We assume that we all know. Autism spectrum disorder (ASD) is a condition that affects social interaction, communication, interests and behaviour. This is a condition and there’s not cure for a condition. Most of the education guidelines are designed by Neurotypical people to make the effort to include ASD in society and live on the same standard. However, that is an impossible target to accomplish if we are talking about two different worlds.
In an ASD person, the "wiring" of the brain works differently to a Neurotypical one. It’s almost the same but doesn't react as we think it should do.
The high sensitivity means that a lot of input at the same time results in overload. When the brain is overloaded, in most cases trigger a meltdown.
This could be by sensitivity to light, noise, smell, the arrangement of a room and many other thing really - difficult to count or tell.
This hyper-sensitivity when triggered in a negative way becomes the priority to be sorted out in an ASD person's brain. When the solution doesn't come right away the brain starts to be overloaded desperately trying to fix the problem. Because the solution is not reachable, the meltdown is triggered and as result could be self-harming, make loud noises, cry, rocking movement, fainting and more reactions difficult to tell or count.
All these patterns are very visible in some ASD person but difficult in others.
As an example, a neurotypical person displaying these behaviours could be considered arrogant, selfish, impolite, rude, senseless, etc. When these behaviours are shown in small degree by a person with Asperger or ASD.
Let me attempt to explain really vaguely what is inside of ASD person brain. This is purely my words and ideas as 52 year-old ASD person.
Understand the bond
Every ASD person has an interpreter and this interpreter must be chosen by the autistic person only, it can't be imposed or forced. You will start to notice who the person is by the degree of close up of the autistic with her or him: the tone of noises, the grab to be close, the positive excitement and other probes of acceptance less extreme. Be aware of this because is really important. It could be a member of the family, it could be a carer, a neighbour, it could be the most unexpected person you imagine. It is what it is and in some degree it is like love.
This person is of incalculable value and help to the autistic and neurotypicals because is going to be the vehicle to communicate with the rest of the world.
The rest, family, friends, please, do not be offended: it is how the thing works in our brain. We don't care about contact with the rest of the word: we are " practical people" and we sadly we don't have spare emotion to care with the rest.
Once you have identified this interpreter, the level of progress in education and quality of life will speed up considerably. This person will need to collect information and develop as much of a bond as possible, reading the signs of the autistic and translating to the rest of the world as any other interpreter do when they work for a neurotypical client. They not only translate words, but must also consider, customs, situation, tone of voice and other aspects to fully do their job. The interpreter will be the connection and the trust of the autistic we other people. They will explain what the autistic feels and try in some cases to communicate. They are bridge needed to leave isolation. Or at least what everybody else calls isolation… because we autistic don't feel like that.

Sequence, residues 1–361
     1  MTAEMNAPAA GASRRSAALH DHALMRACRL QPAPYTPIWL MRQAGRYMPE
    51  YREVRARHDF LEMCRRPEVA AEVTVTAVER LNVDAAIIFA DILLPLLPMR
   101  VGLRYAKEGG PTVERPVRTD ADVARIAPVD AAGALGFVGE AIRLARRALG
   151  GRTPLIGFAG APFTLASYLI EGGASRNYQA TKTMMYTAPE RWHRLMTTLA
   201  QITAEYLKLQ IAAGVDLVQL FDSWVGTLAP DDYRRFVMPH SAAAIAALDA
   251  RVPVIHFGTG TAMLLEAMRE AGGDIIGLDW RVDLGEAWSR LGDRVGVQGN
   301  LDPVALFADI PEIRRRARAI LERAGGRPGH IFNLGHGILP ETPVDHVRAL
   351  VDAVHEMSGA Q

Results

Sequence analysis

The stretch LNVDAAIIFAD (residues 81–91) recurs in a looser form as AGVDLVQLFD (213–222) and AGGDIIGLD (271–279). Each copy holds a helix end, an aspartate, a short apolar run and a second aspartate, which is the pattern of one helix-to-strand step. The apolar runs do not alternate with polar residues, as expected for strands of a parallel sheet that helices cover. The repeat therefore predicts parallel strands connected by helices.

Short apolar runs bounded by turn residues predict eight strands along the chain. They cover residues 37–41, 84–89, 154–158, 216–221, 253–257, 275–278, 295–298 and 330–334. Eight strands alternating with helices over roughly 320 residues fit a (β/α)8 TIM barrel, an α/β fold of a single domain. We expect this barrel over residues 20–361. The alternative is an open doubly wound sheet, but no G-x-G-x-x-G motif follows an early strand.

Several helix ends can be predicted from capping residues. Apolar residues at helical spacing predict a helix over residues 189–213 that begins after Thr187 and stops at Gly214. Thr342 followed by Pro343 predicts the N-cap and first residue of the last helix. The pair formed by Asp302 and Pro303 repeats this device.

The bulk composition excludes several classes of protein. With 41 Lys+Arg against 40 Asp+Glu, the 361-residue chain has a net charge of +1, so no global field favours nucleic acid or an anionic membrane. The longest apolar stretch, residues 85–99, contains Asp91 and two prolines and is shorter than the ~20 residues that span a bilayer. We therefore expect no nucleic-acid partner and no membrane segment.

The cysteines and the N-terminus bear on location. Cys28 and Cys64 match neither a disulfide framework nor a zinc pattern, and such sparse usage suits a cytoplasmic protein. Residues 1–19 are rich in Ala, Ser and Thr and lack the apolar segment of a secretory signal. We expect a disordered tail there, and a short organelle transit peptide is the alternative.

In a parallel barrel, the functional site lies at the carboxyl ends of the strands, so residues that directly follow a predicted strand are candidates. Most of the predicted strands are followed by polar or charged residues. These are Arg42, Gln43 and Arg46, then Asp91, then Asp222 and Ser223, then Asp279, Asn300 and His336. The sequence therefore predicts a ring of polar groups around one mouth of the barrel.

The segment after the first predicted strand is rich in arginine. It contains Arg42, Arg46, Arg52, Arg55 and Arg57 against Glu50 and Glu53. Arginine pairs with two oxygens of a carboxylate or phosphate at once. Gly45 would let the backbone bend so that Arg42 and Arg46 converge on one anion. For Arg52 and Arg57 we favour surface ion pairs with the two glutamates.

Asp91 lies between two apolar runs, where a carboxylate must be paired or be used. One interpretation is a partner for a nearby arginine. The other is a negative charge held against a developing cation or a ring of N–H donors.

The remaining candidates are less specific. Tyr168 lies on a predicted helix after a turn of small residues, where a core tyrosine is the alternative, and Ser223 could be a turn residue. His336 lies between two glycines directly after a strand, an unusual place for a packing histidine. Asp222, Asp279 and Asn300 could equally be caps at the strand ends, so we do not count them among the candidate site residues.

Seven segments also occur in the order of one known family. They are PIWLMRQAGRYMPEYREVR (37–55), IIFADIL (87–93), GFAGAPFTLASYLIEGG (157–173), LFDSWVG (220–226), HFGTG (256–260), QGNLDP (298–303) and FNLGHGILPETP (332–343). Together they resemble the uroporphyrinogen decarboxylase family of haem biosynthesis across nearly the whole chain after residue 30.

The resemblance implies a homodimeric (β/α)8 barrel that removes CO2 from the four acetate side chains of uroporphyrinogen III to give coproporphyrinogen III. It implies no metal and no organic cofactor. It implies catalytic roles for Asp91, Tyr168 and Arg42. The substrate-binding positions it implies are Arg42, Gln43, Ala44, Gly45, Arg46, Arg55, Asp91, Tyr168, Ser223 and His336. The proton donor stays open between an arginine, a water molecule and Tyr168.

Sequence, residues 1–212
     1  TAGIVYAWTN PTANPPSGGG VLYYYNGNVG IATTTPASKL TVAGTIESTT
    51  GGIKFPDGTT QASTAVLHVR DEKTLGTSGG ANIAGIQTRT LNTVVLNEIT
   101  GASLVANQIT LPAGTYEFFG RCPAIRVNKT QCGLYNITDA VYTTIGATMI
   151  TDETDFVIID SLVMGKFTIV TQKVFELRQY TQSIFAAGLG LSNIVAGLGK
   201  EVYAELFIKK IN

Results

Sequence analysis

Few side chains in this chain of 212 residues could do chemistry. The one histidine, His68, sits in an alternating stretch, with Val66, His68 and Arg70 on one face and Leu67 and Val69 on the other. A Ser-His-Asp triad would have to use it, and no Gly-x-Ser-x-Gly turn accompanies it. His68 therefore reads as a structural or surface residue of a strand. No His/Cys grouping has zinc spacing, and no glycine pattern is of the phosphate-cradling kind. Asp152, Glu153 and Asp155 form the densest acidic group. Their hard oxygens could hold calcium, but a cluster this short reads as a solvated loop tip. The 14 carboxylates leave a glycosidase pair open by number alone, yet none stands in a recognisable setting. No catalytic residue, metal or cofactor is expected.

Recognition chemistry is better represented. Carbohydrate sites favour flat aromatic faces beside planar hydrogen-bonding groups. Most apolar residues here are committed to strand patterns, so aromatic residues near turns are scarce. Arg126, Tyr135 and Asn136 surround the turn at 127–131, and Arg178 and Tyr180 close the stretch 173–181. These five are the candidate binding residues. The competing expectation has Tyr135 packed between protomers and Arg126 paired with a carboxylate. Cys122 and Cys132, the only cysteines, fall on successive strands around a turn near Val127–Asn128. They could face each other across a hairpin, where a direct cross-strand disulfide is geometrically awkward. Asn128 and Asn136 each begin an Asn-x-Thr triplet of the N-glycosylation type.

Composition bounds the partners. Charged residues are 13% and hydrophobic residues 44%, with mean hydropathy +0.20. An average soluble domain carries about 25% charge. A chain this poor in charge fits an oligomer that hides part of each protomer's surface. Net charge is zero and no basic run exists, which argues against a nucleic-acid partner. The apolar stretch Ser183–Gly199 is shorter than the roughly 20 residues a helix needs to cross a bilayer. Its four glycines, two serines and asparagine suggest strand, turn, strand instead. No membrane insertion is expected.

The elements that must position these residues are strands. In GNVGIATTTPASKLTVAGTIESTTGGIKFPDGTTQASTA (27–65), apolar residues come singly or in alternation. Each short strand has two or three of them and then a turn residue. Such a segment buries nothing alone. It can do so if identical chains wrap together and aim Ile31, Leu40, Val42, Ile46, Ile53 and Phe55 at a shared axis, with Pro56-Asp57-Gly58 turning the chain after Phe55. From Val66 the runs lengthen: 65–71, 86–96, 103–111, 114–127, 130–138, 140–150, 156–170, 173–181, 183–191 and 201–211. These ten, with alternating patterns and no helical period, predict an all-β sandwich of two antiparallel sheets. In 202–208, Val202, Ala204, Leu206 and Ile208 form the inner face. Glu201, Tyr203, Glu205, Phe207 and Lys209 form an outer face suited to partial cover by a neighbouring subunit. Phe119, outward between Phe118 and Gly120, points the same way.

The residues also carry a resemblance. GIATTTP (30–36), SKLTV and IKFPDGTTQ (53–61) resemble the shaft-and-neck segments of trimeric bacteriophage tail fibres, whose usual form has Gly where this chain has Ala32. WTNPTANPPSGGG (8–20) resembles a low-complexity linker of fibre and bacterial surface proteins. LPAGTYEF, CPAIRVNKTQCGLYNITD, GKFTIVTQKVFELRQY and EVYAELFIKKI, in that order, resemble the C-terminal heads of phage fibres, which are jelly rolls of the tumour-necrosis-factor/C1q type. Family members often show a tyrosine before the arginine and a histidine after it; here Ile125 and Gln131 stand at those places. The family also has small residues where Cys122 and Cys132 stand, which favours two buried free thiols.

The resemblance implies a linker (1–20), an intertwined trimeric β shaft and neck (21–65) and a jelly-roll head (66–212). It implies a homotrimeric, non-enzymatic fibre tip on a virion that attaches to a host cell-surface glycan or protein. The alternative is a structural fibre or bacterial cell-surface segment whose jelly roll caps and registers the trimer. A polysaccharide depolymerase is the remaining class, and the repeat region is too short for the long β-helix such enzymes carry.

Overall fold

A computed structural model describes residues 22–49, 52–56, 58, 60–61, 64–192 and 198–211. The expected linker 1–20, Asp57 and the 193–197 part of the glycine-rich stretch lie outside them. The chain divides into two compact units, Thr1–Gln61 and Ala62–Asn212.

This slow but gratifying process supplies a strong base to work in the education and enrichment of future knowledge for an autistic to get to a level of independence. To reach the interpreter for specific cases is the ultimate goal.
Let’s begin with education
People with ASD require a tailor-made approach to education. The individual should mark the speed of "progress" and priorities. Sometimes the educator may get confused about what the learner with ASD should learn; and they miss what they really need to learn because education sometimes starts with the wrong assumption.
Are we really assessing needs or filling a curriculum? How and who assesses these needs? What kind of scales are chosen? Have the ASD people had the opportunity to give some pointers?
At the same time, how often is education willing to modify its guidelines because advances in communication and new strategies come out?
What I see is a highly motivated professional eager to learn in conjunction with their students. What I would like to see is more ASD involve in education and research, more of teaching about ASD in "normal” Schools and “centres of education" and less people uncomfortable because they are close to a ASD person by their lack of knowledge.
About the author
Jesus Lopez Rodriguez was born in Granada, Spain and moved to England in 2003 with his wife and son. When Jesus was born, autism spectrum disorder had little research and was typically handled as a challenge for the family. After a life of struggle in school, society and in life with unanswered questions, he was diagnosed Asperger as adult. Since then, Jesus had worked since is to find new ways to improve the quality of life of the ASD people and all around them.